More films at the Moscow Film festival (day 2)


In my last post I talked about some films that were shown erly on in the festival with some press showings on the day before the opening. Now the festival has started to get into some swing and there is rather a lot to see and much too much that has been impossible to see. So far I have been to few viewings of the Russian films at the festival which I’ll write about on my blog devoted to Russian film  However, there have been a few very fine films that I’ve managed to watch.

The lifetime award to Costa-Gavras has meant that there is a full retrospective of his films. This was introduced by a viewing of his new film on financial capitalism entitled succintly Capital. It is a superbly made film and a powerful denunciation of the system of finance capitalism in much the same way that his earlier films were fine denunciations of other aspects of political reality in former times. Costa Gavras still seems to be one of the political film-makers par excellence and executes his films with considerable skill.  Yet somehow this latest film didn’t seem to reach the heights of some of his other films. A viewing of his film Z yesterday seemed to reach some higher pinnacles but then, of course, the scriptwriter there was none other than Jorge Semprun.


Costa Gavras’s film Capital

One of the most surprsingly original and difficult to describe films was Michel Gondry’s Mood Indigo. Rather difficult to describe in any detail (just as the Vian novel from which it was adapted is), its descent from light hearted fantasy into darkness, death and doom was superbly executed. I’m not a rom-com fan but this “rom-com haunted by death” is certainly something else. If only Moscow had opened with such a film (as Karlovy Vary has decided to do) instead of the Brad Pitt zombie flop then it would have recovered some of its reputation. But then the Moscow film festival would need some reorganisation to prevent these terrible opening choices.

L’ecumes des jours or Mood Indigo

The other great delight on Day 2 of the festival was a showing of Bertolucci’s Il Sosia (Partner). Loosely based on a Dostoyevsky novel – The Double- the performance of Pierre Clementi as a man with a double identity is entrancing.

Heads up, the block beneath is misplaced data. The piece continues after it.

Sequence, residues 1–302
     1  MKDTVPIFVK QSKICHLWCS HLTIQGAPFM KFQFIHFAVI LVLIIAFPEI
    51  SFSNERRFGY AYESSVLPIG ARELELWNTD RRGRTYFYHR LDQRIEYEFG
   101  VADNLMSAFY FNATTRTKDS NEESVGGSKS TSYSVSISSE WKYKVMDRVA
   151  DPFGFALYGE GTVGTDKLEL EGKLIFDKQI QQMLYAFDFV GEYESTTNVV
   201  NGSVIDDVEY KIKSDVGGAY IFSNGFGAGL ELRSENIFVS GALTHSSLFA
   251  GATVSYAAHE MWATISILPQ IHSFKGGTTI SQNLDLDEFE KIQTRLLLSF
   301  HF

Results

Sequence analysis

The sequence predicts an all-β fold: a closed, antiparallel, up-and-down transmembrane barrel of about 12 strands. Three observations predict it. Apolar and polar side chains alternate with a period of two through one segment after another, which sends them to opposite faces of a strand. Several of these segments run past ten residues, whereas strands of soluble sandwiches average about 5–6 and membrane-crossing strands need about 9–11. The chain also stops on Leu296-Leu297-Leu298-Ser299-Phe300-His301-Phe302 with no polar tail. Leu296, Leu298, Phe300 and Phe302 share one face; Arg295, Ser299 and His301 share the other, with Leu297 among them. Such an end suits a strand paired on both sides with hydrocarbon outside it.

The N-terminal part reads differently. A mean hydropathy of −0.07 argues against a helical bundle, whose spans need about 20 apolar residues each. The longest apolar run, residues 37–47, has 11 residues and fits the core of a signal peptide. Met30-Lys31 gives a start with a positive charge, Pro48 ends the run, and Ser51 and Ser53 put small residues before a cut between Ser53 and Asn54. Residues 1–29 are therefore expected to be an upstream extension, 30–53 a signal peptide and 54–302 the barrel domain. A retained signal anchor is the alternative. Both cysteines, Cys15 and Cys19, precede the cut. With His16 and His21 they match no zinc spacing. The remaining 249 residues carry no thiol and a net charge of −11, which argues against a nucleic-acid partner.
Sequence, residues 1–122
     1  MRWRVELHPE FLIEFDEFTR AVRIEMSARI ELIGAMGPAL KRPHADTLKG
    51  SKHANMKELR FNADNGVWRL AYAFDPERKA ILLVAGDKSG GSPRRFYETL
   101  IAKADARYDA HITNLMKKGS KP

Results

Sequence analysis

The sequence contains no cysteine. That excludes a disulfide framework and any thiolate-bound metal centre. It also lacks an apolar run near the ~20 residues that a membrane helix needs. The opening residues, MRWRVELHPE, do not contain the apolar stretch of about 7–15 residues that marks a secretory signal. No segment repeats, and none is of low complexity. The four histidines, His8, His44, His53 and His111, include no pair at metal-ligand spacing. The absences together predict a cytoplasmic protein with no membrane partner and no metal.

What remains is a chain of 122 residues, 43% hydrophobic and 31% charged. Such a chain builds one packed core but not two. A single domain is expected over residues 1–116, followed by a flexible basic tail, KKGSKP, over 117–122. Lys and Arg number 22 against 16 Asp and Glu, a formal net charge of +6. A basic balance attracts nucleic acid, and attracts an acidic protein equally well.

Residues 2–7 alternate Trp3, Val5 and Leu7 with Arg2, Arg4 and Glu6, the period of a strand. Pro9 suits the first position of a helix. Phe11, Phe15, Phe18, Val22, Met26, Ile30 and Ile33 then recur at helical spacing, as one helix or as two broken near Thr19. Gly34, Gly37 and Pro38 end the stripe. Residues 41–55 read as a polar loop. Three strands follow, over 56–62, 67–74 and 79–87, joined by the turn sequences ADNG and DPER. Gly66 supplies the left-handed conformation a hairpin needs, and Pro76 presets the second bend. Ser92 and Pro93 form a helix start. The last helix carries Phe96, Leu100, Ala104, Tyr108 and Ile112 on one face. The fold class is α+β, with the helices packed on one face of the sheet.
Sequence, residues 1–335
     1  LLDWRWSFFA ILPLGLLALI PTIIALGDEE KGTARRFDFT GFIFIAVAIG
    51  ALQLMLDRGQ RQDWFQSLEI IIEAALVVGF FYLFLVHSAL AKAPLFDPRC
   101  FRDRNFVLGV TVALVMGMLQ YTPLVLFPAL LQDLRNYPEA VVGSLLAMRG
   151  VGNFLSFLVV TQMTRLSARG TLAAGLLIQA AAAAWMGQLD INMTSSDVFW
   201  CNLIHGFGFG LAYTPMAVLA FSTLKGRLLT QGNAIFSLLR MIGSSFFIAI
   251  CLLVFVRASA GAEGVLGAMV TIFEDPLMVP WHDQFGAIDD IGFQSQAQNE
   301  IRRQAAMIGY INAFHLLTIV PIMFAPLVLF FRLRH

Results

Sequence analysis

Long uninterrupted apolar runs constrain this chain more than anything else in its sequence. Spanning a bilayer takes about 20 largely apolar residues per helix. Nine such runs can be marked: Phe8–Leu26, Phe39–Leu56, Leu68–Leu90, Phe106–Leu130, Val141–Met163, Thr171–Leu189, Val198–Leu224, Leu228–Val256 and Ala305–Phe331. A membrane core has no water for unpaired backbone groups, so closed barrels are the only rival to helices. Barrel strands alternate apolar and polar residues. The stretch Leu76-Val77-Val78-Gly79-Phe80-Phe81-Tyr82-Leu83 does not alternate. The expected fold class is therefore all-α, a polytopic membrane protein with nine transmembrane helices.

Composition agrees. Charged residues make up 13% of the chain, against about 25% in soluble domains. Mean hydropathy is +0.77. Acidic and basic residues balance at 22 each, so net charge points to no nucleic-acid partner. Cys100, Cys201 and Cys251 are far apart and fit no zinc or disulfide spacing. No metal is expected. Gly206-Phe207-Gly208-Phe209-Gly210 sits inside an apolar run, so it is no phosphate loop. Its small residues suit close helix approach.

Another Italian offering Il Rosso e il blu (The Red and the Blue) is a fine entry but the kind of decently made, well-acted (especially by Roberto Herlitzka) film that makes one regret that one hadn’t run off to a more exoteric film screening. Giuseppe Piccioni’s school comedy is worthy but is certainly not worthy enough in the light of Italy’s cinematic history.

Films that were shown (but I have regretfully missed the first screening of) were Ursula Meier’s L’enfant d’en haut (Sister). Ursula Meier is a member of the Moscow Jury and is having a mini-retrospective devoted to her films. George Sluizer’s Dark Blood had to be stolen from an insurance company who wanted to destroy the film stock. Fortunately Sluizer managed to make a film that has been highly praised (I hope to watch it at a second showing). Fernando Trueba’s El artista y la modelo (The Artist and the Model) was another film I had to forego as well as othe films in the Bertolucci and Balabanov retrospectives.

As for Day 3(yesterdays films) I’ll be posting a blog as soon as I can.

About afoniya

I am a translator, language teacher, independent film scholar who is interested in many aspects of culture. I have my own blog on Russian and Soviet cinema at and I have also written for journals such as Film Philosophy and Bright Lights as well as Ribbed magazine. Outside of film my interest runs to language, politics, literature and my world is centred around the Meditteranean, Russia, Southern Ukraine as well as the UK.

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